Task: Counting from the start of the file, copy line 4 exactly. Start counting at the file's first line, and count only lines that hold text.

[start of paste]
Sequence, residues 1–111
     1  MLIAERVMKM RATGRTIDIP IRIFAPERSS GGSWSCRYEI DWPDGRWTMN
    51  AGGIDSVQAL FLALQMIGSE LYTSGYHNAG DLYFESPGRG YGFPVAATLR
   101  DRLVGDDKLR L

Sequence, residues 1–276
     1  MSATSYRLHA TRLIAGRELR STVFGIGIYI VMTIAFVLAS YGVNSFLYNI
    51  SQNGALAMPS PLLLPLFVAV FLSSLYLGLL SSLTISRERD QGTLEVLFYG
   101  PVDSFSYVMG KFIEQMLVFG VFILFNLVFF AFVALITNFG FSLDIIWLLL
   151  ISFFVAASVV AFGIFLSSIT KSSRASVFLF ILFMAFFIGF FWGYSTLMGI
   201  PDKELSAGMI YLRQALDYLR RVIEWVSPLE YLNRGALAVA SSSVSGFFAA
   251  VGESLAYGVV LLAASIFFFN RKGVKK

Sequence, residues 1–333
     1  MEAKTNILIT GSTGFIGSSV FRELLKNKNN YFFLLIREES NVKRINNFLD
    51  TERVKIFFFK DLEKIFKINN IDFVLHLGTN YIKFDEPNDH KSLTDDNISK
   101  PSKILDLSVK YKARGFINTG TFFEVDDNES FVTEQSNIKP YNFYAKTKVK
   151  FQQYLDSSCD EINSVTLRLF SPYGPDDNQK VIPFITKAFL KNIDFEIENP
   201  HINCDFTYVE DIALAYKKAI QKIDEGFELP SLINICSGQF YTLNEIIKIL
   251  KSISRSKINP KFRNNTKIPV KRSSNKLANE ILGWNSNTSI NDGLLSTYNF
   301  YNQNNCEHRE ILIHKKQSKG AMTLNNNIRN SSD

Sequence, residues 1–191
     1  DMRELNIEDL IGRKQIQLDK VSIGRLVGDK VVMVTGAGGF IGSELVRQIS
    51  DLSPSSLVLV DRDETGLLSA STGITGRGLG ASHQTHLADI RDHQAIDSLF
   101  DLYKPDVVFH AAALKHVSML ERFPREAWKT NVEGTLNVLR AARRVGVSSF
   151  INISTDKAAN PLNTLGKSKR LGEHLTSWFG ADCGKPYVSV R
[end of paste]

   101  DRLVGDDKLR L